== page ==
Analyzing adherence risk in voice clients : a speech language pathologist’s guide
MetadataShow full item record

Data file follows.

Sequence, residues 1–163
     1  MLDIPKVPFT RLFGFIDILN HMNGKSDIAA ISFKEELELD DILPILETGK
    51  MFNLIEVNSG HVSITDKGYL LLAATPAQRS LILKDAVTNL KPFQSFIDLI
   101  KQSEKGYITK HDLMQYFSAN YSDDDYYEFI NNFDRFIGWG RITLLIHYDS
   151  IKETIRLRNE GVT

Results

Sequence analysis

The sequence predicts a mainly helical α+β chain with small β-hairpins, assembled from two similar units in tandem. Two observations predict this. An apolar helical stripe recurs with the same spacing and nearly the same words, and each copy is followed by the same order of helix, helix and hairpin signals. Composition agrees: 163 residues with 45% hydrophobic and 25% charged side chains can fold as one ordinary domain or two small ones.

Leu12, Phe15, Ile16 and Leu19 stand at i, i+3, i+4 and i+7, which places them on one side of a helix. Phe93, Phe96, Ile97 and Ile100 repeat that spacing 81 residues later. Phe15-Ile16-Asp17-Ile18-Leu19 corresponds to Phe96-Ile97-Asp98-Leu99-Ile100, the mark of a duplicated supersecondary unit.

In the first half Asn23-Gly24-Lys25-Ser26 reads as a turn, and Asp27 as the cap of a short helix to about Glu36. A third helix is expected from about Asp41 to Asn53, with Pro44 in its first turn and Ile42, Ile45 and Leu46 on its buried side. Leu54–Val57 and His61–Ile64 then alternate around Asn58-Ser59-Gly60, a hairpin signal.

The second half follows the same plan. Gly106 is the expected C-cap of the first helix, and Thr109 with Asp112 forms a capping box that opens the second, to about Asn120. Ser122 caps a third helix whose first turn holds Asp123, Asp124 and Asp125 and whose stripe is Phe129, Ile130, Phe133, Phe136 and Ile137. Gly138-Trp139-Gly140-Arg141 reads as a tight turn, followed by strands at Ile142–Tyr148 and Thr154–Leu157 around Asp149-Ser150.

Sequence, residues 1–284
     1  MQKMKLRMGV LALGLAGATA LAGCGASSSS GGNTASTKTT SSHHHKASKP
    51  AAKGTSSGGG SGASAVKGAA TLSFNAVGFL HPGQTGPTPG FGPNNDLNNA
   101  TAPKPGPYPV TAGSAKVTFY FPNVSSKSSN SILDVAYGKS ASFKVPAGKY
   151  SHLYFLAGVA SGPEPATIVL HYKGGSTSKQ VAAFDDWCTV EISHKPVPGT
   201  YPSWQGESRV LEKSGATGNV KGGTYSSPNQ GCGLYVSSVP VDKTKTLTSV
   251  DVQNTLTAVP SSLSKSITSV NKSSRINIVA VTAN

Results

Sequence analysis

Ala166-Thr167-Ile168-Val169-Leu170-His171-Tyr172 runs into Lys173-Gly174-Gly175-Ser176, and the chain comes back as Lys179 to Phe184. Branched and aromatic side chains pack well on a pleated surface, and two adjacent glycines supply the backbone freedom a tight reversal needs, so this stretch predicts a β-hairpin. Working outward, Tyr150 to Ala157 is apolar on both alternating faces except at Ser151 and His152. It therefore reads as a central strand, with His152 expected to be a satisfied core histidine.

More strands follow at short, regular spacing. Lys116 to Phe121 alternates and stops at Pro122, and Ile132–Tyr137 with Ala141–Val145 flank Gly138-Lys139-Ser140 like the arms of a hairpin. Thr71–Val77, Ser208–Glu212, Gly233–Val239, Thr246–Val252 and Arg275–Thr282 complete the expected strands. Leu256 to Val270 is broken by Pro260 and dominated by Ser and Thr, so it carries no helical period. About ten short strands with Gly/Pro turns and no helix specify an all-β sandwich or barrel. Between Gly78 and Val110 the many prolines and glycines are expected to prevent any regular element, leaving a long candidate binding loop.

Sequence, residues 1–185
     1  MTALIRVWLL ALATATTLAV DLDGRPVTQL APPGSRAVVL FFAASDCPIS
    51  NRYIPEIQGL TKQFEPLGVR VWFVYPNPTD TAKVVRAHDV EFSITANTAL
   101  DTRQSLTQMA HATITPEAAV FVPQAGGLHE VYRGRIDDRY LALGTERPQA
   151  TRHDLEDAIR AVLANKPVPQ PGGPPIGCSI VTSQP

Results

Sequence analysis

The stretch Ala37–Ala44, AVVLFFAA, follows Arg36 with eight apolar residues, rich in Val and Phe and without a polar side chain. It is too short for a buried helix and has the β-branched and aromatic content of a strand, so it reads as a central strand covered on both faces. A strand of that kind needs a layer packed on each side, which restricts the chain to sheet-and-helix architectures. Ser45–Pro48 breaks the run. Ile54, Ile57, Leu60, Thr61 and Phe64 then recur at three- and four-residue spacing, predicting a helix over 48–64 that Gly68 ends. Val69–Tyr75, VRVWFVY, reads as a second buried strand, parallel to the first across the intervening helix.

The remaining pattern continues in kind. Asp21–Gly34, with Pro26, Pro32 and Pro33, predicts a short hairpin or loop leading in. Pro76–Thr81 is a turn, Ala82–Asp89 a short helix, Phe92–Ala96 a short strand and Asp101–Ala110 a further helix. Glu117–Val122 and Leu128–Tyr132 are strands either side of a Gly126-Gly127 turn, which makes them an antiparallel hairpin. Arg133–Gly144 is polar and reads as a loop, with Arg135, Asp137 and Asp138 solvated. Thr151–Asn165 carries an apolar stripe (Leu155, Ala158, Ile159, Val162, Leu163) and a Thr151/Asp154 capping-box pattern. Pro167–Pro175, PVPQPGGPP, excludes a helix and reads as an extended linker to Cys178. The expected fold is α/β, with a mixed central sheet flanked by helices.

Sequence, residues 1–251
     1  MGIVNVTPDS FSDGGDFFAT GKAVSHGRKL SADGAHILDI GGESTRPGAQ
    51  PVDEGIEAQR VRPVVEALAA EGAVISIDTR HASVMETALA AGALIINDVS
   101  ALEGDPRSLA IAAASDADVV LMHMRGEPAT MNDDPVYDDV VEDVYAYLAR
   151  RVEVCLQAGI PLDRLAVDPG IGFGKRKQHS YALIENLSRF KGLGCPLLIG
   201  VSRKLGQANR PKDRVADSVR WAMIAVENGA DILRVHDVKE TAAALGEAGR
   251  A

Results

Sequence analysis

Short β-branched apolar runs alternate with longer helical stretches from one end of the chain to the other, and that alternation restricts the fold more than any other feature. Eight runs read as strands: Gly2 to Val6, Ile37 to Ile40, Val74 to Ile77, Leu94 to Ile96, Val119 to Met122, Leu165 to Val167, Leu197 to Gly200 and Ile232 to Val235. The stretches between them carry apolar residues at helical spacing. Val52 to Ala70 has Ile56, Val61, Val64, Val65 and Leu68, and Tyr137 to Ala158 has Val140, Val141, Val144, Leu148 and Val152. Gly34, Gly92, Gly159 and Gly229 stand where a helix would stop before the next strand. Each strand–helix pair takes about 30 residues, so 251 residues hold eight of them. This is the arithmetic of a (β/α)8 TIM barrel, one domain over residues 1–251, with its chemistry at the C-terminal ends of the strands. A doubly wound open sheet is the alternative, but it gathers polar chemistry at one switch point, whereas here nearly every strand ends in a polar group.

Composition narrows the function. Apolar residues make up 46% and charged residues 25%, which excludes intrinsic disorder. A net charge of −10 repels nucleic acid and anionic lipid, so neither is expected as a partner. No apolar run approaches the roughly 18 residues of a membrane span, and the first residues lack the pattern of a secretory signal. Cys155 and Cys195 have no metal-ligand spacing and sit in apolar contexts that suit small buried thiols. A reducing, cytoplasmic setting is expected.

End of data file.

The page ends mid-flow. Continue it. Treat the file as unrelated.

Across the literature it is seen that when trying to enact change in a patient’s everyday life there is always some degree of adherence risk. In the field of voice therapy this risk is particularly high. Traditional comparisons of therapy techniques focus only on change achieved as opposed to the ways in which each therapy protocol was carried out. This type of focus minimizes the amounts of adherence risk present in each therapy technique. This risk can have a fundamental impact on the success of therapy. A comparison of the types of adherence risk that exists and the ways they can be minimized is useful for the treatment of voice disorders. This report serves to address issues of adherence risk in voice by examining relevant research outside the field of speech language pathology. It contains information regarding the most commonly seen adherence risks encountered, research on how those risks were addressed in the fields of medicine and physical therapy, and how those techniques can be adapted for clinical use. A comparative analysis of the types of risks present in the most common therapy protocols and how those risks can be minimized is also included. Tables are included in order to provide the speech language pathologist (SLP) with a user-friendly guide on the possible ways to determine adherence risks present in their client and possible ways to address this risk. Sample dialogue is also provided. Adherence risk is a key component in voice therapy that is often not being considered when choosing and implementing therapy protocols. There are many factors that make up adherence risk including personality characteristics, motivation, expectations for therapy, ease of use of the technique/instructions, client understanding of implementation, and the nature of the disorder itself. It is useful to look at how such factors are addressed. We’re asking our clients to do many things that will change their daily lives: behaviorally, diet-wise, it may even impact the way they feel about themselves. How do we ask them this and expect that it’ll actually get done?